Trump vs. DeSantis in 2024? USA TODAY/Suffolk poll shows Florida Republicans prefer their governor
In a hypothetical 2024 presidential primary in the Sunshine State, DeSantis leads Trump 48%-40%. That's a reversal from a poll of Florida in January, when Trump led DeSantis 47%-40%.
Former President Donald Trump's support among Republican voters in Florida for another presidential bid has significantly eroded this year, a USA TODAY/Suffolk University Poll finds, as Gov. Ron DeSantis has scored gains in the home state they now share.
In a hypothetical 2024 presidential primary in the Sunshine State, DeSantis now leads Trump 48%-40%. That's a reversal from a USA TODAY/Suffolk Poll of Florida in January, when Trump led DeSantis 47%-40%.
"This doesn't necessarily mean DeSantis would lead in any other GOP primary state," said David Paleologos, director of the Suffolk University Political Research Center. "But it is one data point suggesting a shift in preferences from GOP voters away from Trump and toward DeSantis from Republicans who know both potential combatants quite well."
Both men have made it clear they are considering presidential campaigns in 2024, although neither has made any official announcements. DeSantis supporters argue he offers a muscular populism similar to Trump without having the legal and other baggage that the former president carries.
Last week, the governor sparked a firestorm when he used state funds to fly about 50 Venezuelan migrants from Texas to the exclusive Massachusetts island of Martha's Vineyard.
Close race between Rubio and Demings; DeSantis ahead of Crist
Other big takeaways from the Florida poll include:
- For the Senate, Republican incumbent Marco Rubio narrowly leads Democratic challenger Val Demings 45%-41%. Rubio's support has dropped 4 percentage points since the January survey; Rep. Demings' standing hasn't changed. Three other candidates on the ballot – Libertarian Dennis Misigoy, independent Steven Grant and independent Tuan "TQ" Nguyen – each receive 1%.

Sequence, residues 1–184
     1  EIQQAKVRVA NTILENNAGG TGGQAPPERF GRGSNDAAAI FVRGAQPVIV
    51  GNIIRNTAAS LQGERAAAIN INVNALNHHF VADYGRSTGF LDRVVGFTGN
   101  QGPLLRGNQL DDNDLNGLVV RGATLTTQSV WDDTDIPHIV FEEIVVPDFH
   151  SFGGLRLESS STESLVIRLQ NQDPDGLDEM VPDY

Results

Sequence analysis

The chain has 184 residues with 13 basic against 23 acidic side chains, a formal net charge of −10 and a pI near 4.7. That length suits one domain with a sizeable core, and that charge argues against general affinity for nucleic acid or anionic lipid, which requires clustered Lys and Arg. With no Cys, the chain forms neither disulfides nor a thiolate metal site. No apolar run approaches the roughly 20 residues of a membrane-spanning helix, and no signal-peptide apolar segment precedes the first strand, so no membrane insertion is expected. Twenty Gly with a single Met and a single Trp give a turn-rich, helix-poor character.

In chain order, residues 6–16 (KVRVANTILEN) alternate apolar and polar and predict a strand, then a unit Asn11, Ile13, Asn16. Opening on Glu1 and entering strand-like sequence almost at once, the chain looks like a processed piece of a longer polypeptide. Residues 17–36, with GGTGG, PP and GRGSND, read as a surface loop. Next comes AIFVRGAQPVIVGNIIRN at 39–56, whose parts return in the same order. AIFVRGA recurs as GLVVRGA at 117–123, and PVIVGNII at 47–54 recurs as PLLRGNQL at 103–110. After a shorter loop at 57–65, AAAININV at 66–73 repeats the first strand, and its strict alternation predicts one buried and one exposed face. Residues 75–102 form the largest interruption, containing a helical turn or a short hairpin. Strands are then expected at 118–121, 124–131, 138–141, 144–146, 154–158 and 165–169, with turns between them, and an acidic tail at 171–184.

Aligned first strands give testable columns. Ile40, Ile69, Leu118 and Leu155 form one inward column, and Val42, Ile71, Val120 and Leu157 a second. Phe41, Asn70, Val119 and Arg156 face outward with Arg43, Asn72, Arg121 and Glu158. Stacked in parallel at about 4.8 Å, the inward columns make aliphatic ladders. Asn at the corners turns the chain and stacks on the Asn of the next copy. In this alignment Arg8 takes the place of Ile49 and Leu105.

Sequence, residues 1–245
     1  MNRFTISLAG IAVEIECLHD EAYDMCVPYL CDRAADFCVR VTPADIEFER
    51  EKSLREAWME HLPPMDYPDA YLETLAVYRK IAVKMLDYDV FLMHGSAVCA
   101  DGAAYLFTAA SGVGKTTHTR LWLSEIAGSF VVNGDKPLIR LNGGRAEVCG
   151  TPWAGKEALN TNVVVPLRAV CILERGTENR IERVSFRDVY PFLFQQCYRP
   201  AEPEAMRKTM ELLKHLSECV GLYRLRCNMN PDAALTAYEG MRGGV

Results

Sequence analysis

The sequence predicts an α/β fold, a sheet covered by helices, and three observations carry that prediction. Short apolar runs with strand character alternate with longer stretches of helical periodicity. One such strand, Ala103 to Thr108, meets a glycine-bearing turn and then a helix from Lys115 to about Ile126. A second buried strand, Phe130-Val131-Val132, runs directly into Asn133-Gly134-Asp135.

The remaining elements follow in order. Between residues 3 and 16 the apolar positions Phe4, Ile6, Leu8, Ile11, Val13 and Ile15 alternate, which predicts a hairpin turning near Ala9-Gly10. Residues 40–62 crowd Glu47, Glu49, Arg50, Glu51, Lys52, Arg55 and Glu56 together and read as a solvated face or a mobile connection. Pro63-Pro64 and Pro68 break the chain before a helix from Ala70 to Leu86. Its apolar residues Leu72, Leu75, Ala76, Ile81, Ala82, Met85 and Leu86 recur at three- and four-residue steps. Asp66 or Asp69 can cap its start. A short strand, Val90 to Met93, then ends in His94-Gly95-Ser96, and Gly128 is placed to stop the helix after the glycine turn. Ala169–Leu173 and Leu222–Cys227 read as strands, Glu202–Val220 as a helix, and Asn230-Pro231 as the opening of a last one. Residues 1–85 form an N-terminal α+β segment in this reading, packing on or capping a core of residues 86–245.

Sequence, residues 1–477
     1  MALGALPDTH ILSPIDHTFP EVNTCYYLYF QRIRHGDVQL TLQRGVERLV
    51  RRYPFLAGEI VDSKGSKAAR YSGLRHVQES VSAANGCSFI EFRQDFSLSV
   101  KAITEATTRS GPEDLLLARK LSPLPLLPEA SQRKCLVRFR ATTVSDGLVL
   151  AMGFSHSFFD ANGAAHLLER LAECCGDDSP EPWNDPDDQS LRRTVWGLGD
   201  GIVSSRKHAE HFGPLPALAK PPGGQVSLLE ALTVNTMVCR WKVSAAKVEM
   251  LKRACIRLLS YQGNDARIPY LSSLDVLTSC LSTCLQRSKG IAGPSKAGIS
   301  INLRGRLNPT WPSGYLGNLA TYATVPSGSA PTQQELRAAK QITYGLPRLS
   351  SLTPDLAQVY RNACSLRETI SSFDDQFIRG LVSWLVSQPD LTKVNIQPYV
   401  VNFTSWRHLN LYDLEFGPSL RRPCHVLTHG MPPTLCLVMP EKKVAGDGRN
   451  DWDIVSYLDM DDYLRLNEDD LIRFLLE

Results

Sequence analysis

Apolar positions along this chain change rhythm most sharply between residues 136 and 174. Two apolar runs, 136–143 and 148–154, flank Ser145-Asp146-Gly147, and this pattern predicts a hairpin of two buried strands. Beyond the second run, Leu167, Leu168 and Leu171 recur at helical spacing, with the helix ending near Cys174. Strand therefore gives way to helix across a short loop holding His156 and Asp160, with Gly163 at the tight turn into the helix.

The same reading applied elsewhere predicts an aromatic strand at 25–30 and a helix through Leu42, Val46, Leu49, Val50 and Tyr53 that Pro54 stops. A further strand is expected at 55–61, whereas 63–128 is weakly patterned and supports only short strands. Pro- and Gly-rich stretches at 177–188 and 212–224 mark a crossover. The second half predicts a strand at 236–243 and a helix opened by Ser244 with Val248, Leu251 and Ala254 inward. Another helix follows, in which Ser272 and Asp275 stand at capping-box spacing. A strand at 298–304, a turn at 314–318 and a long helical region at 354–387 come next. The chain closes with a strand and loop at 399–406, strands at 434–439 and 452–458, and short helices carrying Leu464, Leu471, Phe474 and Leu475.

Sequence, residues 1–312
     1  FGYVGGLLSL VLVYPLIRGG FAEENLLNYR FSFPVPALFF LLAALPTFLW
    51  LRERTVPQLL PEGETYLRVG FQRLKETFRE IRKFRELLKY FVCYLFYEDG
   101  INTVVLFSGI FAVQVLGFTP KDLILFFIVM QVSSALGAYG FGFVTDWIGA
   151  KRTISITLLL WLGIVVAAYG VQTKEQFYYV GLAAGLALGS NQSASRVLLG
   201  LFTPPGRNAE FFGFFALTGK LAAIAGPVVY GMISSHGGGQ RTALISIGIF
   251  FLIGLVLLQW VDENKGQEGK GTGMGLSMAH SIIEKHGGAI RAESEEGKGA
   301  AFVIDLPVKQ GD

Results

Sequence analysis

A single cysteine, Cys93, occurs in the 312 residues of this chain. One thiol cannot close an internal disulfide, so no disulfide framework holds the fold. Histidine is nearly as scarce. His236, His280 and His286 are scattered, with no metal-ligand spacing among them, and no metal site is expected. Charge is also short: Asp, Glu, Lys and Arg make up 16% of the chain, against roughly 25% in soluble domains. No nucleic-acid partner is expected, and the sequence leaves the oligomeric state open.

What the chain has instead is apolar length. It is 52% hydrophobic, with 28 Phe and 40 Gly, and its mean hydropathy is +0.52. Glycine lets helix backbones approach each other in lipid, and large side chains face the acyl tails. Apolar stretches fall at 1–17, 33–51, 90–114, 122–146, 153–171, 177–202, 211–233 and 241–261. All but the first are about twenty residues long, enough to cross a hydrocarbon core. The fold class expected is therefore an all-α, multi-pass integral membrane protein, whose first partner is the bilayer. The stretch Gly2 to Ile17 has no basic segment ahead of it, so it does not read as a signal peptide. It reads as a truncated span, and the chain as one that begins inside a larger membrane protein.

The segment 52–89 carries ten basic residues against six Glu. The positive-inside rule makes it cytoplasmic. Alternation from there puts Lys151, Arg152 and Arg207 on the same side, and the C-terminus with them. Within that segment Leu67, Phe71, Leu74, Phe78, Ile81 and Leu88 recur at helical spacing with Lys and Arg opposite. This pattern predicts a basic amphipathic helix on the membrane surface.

- For the governorship, DeSantis leads Democratic challenger Charlie Crist 48%-41%. That's a small shift from the beginning of the year, when DeSantis led 49%-43% over Crist, a Republican-turned-Democrat who has served as governor and in Congress. Independent Carmen Jackie Gimenez receives 3% and Libertarian Hector Roos 1%.
The poll of 500 likely midterm voters, taken Thursday through Sunday by landline and cellphone, has a margin of error of plus or minus 4.4 percentage points. The error margin for the sample of 174 Republican voters is 7.4 points; for 163 Democratic voters it is 7.7 points.
President Joe Biden's approval rating has ticked up in Florida, with 42% saying they approve of how he's doing his job compared to 56% disapprove. That's a bit higher than the dismal 39%-53% standing he had in January.
Still, in a hypothetical matchup in the 2024 general election, Trump edges Biden in the state 47%-44%. DeSantis leads Biden by a wider margin, 52%-44%.
DeSantis' approval rating is 53%-45%, while Rubio's is 45%-46%.
By far the dominant issue on voters' minds is inflation and the economy, cited by a third of those surveyed. That may account for their more downbeat mood, compared with the beginning of the year. The percentage who say they are "worse off" than they were four years ago has grown to 49% from 39%.
Those who say the country is "on the wrong track" rose to 67% now from 58% then.
On a list of eleven issues, threats to democracy rank second, at 13%, and abortion rights is third, at 11%. Democrats rate abortion rights as their top issue, chosen by 21%.
In Florida, DeSantis Republicans are wealthier than Trump Republicans
The potential contest between Trump and DeSantis has sparked speculation and calculation among Republicans. The Florida governor hasn't said whether he would go ahead with a run for president if Trump decides to seek another term in the White House.
The two men have distinctive appeals among Republican voters, the survey finds.
Trump leads 53%-36% among voters earning less than $50,000 a year; DeSantis leads 55%-33% among those who earn $50,000 or more a year. Trump leads 57%-27% among voters who have not attended college; DeSantis leads 60%-30% among those who have.
Then there are the backers of Rubio, who was trounced by Trump in the Florida presidential primary in 2016, 46%-27%. The senator's supporters now split for DeSantis, 51%-38%.